LTE Network Tech Explained

If you look at the evolution of wireless networks from generation to generation, one of the clear generational delimiters that sticks out is how multiplexing schemes have changed. Multiplexing of course defines how multiple users share a slice of spectrum, probably the most important core function of a cellular network. Early 2G networks divided access into time slots (TDMA—Time Division Multiple Access); GSM is the most notable for being entirely TDMA.

3G saw the march onwards to CDMA (Code Division Multiple Access) where each user transmits on the entire 5 or 1.25MHz, but encodes data atop the spectrum with a unique psueodorandom code. The receiver end also has this pseudorandom code, decodes the signal with it, and all other signals look like noise. Decode the signal with each user’s pseudorandom code, and you can share the slice of spectum with many users. As an aside, Qualcomm initially faced strong criticism and disagreement from GSM proponents when CDMA was first proposed because of how it seems to violate physics. Well, here we are with both 3GPP and 3GPP2 using CDMA in 3G tech.

Regardless, virtually all the real 4G options move to yet another multiplexing scheme called OFDMA (Orthogonal Frequency Division Multiple Access). LTE, WiMAX, and now-defunct UMB (the 3GPP2 4G offering) all use OFDMA on the downlink (or forward link). That’s not to say it’s something super new; 802.11a/g/n use OFDM right now. What OFDMA offers over the other multiplexing schemes is slightly higher spectral efficiency, but more importantly a much easier way to use larger slices of spectrum and different size slices of spectrum—from the 5MHz in WCDMA or 1.5MHz in CDMA2000, to 10, 15, and 20MHz channels.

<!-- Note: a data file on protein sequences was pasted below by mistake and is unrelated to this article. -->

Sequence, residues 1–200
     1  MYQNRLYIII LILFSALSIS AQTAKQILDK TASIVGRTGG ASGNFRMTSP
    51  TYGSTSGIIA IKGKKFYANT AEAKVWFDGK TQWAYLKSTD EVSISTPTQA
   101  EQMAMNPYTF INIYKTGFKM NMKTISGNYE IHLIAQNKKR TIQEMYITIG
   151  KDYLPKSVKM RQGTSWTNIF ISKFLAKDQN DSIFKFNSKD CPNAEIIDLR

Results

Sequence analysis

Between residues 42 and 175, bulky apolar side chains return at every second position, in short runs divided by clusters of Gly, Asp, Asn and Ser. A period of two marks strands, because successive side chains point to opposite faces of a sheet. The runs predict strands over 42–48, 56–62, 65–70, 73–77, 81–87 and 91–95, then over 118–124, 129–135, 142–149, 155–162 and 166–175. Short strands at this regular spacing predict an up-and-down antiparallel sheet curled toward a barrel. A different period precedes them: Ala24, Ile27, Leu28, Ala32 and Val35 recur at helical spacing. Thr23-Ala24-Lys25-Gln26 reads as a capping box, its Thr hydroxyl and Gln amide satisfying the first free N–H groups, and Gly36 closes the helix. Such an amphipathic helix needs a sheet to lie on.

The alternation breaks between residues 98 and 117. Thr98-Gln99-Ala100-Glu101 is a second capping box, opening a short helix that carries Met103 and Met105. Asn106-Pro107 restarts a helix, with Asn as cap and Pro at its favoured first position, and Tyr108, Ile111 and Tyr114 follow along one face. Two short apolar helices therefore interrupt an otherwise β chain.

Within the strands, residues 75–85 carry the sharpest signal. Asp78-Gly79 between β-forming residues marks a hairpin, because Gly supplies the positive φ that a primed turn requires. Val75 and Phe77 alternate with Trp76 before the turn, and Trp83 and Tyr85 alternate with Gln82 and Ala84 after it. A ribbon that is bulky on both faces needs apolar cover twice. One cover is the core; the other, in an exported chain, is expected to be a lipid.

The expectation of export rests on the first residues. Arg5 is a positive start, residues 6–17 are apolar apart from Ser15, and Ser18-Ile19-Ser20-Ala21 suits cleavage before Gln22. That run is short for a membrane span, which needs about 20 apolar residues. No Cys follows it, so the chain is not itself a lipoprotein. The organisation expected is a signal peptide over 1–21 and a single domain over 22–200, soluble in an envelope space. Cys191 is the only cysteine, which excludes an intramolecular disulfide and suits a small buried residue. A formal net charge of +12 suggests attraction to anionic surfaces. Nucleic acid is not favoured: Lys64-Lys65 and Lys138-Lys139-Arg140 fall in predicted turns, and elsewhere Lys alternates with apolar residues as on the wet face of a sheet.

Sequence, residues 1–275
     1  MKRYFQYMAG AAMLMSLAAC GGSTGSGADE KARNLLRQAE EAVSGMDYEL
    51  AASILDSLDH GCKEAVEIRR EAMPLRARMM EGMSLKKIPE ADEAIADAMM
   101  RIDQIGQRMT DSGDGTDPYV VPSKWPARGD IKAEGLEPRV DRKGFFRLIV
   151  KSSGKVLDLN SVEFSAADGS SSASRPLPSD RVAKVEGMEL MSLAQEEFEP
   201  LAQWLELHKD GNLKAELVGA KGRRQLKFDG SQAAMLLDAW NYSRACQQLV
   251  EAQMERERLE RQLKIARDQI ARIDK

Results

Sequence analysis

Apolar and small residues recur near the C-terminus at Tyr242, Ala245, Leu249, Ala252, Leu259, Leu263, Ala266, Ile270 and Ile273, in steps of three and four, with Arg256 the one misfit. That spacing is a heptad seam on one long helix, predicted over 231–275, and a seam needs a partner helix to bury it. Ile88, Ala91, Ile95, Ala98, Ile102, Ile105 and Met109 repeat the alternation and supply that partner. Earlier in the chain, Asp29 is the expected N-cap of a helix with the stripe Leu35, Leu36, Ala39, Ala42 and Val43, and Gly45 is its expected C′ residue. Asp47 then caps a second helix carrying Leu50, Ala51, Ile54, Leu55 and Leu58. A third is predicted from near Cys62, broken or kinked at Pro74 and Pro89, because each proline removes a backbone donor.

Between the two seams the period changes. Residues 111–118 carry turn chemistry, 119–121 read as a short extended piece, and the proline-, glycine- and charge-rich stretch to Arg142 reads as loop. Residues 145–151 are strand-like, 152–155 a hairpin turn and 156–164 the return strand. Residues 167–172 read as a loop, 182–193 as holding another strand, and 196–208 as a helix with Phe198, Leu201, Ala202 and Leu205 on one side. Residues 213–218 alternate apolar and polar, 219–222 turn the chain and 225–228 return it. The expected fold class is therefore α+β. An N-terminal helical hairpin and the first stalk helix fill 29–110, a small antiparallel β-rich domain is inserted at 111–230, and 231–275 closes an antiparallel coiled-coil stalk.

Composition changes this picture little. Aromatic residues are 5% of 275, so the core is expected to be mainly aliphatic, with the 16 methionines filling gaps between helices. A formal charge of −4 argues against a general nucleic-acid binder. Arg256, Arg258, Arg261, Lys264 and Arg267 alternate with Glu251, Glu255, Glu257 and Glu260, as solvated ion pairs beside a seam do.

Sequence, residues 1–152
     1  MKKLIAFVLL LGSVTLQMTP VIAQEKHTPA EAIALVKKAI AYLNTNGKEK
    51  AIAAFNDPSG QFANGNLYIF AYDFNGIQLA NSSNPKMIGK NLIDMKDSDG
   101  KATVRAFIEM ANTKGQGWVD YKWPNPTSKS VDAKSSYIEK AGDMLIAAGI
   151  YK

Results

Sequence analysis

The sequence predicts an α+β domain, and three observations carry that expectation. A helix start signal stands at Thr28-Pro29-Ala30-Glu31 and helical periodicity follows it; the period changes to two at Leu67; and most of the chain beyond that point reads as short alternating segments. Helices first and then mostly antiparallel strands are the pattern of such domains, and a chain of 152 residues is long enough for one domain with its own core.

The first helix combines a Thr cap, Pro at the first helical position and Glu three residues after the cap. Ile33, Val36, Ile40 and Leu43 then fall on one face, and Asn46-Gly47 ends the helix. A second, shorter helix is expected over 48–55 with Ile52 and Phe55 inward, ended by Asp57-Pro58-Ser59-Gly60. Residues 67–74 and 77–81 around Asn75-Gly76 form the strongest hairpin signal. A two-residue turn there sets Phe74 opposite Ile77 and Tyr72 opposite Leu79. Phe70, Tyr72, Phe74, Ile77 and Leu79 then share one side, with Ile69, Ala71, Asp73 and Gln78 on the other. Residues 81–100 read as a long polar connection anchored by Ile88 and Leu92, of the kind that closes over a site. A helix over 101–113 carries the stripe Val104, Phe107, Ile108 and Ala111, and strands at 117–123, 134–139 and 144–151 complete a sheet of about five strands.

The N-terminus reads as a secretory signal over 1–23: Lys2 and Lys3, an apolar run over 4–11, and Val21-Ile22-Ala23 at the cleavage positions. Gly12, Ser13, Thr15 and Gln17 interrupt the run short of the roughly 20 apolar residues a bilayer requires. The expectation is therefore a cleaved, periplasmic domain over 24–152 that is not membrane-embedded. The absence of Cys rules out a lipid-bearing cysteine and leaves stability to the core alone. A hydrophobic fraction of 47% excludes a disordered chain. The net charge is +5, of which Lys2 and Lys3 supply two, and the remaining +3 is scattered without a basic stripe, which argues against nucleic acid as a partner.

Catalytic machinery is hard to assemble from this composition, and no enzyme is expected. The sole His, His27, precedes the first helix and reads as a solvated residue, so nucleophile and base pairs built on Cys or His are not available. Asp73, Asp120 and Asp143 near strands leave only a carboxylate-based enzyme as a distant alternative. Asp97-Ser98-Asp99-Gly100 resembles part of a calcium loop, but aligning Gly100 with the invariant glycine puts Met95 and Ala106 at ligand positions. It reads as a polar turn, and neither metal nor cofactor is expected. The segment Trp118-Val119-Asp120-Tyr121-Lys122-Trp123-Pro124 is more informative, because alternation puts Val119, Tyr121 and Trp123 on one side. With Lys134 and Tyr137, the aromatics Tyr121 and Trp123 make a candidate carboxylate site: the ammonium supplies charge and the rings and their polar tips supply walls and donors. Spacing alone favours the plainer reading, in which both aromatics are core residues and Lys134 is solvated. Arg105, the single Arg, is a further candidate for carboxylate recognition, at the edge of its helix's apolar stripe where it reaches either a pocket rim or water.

We could spend a lot of time talking about OFDMA alone, but essentially what you need to know is that OFDMA makes using larger channels much easier from an RF perspective. Engineering similarly large channel size CDMA hardware is much more difficult.

In traditional FDMA, carriers are spaced apart with large enough guard intervals to guarantee no inter-carrier interference occurs, and then band-pass filtered. In OFDM, the subcarriers are generated so that inter-carrier interference doesn’t happen—that’s done by picking a symbol duration and dividing it an integer number of times to create the subcarrier frequencies, and spacing adjacent subcarriers so the number of cycles differ by just one. This relationship guarantees that the overlapping sidebands from other sub-carriers are nulls at every other subcarrier. This results in the interference-free OFDM symbol we’re after, and efficient packing of subcarriers. What makes OFDMA awesome is that at the end of the day, all of this can be generated using an IFFT.

If that’s a confusing mess, just take away that OFDMA enables very dense packing of subcarriers that data can then be modulated on top of. Each client in the network talks on a specific set of OFDM subcarriers, which are shared among all users on the channel through some pre-arranged hopping pattern. This is opposed to the CDMA schema where users encode data across the entire slice of spectrum.

The advantages that OFDMA brings are numerous. If part of the channel suddenly fades or is subject to interference, subcarriers on either side are unaffected and can carry on. User equipment can opportunistically move between subcarriers depending on which have better local propagation characteristics. Even better, each subcarrier can be modulated appropriately for faster performance close to the cell center, and greater link quality at cell edge. That said, there are disadvantages as well—subcarriers need to remain orthogonal at all times or the link will fail due to inter-carrier-interference. If frequency offsets aren’t carefully preserved, subcarriers will no longer be orthogonal and cause interference.